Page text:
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PRELUDE TO KURSK: Soviet Strategic Operations February-March 1943

Впервые опубликовано 25.09.2005 19:01
Последняя редакция 13.01.2016 11:09
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Soviet Strategic Planning (November 1942-February 1943)

In terms of its overall objectives, the Stavka’s strategic planning from spring 1942 through February 1943 was remarkably consistent. Long convinced of the vital importance of the Moscow axis, the Stavka concentrated its most powerful forces in that region in the spring of 1942. While accepting defense on the Moscow axis, Stalin impatiently attempted to regain the strategic initiative by conducting preemptive offensives at Kharkov and in the Crimea in May 1942. Both operations, however, ended in stark disaster. The subsequent German onslaught in southern Russia, which began on 28 June, surprised the Stavka but did not negate Soviet faith in the decisive importance of the Moscow axis. Henceforth, while the Stavka sought to halt and defeat German Army Group South (soon named “A” and “B”), it also contemplated future offensive action along the Moscow axis.

In early July 1942, the Stavka launched the first of many attempts to halt the German juggernaut. In early July its new 5th Tank Army struck German forces advancing toward Voronezh on the Don River, but the attack failed. Late in the same month, the Stavka struck again with a coordinated attack by its reinforced 5th Tank Army west of Voronezh and its 1st and 4th Tank Armies in the great bend of the Don River along the distant approaches to Stalingrad. These attacks also failed, although at greater cost to the advancing Germans. Beginning in early August, the Stavka ordered a series of lesser counterattacks designed to halt the German advance and stabilize the front on the immediate approaches to Stalingrad3. While these Soviet counterstrokes unfolded in the south, the forces of Marshal Zhukov’s Western Direction launched counterstrokes against the Army Group Center’s defenses in the Rzhev salient (July-August) and against German defenses at Zhizdra north of Orel (July-August). Throughout this period, the Stavka never abandoned its hopes for renewed large-scale offensive operations both in the center and in the south.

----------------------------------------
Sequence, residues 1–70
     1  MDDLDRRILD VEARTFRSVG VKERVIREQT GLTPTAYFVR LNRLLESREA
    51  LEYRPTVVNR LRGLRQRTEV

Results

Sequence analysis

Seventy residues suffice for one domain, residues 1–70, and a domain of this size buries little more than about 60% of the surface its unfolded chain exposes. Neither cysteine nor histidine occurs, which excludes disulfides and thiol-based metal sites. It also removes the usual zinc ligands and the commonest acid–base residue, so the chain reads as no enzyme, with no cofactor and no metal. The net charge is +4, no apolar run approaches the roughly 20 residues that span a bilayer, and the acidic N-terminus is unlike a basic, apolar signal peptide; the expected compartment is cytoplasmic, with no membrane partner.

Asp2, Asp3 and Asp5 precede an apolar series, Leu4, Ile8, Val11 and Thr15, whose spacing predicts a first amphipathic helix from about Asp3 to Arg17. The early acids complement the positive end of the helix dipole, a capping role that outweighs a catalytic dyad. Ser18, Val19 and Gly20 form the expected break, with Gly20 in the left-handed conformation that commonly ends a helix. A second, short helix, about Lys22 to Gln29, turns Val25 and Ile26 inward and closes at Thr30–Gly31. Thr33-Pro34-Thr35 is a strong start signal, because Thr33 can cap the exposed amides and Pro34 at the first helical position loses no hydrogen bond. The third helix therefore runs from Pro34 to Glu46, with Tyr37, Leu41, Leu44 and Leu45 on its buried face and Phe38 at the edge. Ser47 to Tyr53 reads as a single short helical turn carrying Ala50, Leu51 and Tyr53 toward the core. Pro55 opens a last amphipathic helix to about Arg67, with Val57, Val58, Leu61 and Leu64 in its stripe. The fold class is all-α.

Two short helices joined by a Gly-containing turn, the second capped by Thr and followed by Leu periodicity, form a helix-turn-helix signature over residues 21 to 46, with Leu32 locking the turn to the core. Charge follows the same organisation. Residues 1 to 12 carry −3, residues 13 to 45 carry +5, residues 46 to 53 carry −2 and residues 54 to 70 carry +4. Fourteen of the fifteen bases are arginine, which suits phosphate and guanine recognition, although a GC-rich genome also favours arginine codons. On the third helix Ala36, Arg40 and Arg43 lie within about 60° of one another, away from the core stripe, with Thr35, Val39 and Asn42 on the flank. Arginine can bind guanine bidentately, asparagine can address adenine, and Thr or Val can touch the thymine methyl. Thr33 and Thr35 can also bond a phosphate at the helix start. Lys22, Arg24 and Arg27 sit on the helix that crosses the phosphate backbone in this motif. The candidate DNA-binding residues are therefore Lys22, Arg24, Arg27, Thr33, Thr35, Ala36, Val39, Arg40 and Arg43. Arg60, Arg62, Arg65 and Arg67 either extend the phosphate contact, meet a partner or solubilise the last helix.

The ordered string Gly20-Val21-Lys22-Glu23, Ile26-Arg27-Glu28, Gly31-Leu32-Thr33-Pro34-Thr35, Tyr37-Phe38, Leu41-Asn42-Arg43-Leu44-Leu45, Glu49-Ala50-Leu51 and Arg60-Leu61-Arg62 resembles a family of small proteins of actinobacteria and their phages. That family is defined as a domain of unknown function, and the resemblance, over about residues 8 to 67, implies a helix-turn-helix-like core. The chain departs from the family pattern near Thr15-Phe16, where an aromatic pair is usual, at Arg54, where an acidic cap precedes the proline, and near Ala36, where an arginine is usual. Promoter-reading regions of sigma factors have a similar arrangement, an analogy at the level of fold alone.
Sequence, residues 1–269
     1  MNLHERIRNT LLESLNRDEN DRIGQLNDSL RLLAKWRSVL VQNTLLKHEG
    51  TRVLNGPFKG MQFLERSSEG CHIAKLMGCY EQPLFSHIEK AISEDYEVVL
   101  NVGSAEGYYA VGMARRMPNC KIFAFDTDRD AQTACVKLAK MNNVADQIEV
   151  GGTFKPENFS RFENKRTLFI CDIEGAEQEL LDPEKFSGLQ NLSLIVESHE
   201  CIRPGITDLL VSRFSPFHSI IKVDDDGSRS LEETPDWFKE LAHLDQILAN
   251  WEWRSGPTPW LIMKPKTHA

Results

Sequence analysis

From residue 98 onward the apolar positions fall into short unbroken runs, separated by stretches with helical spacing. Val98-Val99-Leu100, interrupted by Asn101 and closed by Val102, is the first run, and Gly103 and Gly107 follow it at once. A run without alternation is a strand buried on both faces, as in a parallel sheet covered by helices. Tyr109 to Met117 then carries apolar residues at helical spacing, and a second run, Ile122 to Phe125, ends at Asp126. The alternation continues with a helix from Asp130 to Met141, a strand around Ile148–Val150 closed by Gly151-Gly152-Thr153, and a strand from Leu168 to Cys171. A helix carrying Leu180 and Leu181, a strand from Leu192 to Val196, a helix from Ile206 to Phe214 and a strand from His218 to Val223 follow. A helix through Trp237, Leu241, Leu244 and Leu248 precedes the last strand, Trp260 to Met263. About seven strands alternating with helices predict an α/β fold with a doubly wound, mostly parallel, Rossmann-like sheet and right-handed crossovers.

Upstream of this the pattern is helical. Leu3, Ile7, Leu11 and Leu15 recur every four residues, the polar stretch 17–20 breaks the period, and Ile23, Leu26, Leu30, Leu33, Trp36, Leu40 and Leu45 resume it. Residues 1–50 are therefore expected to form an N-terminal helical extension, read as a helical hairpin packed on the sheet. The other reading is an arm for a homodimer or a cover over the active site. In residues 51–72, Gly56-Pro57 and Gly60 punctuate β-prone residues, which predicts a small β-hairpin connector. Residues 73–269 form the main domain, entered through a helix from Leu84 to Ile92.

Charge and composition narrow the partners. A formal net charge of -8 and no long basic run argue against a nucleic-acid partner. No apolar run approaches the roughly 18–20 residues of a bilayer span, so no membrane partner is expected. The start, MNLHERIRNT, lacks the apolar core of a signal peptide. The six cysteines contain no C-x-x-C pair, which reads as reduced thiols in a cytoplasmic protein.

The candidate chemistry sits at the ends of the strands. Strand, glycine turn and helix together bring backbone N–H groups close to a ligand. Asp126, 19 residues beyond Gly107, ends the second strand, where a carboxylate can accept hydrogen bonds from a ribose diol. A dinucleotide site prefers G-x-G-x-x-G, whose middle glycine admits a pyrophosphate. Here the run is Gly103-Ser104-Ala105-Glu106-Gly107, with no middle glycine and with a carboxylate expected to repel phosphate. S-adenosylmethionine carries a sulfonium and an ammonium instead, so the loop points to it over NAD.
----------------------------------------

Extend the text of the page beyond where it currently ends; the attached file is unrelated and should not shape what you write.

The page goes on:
German offensive momentum in the south was ebbing by late September 1942. Its forces were spread deeply into the Caucasus region, while the bulk of its powerful Sixth and Fourth Panzer Armies were locked in costly street fighting for the city of Stalingrad. Of necessity, the Germans deployed armies of its allies (Rumanians, Hungarians, and Italians) to defend their over-extended flanks along the Don River and south of Stalingrad. At this juncture the Stavka formulated plans for twin operations code-named MARS and URANUS, mutually supporting strategic offensives designed to envelop forward German armies in the Moscow (Ninth Army) and Stalingrad (Sixth Army) regions. Subsequently, expanded operations (JUPITER and SATURN) would damage or destroy German Army Groups Center and “B”4. Initially, MARS was scheduled for 28 October, and URANUS would follow. Poor weather, however, forced the Stavka to postpone MARS until 25 November.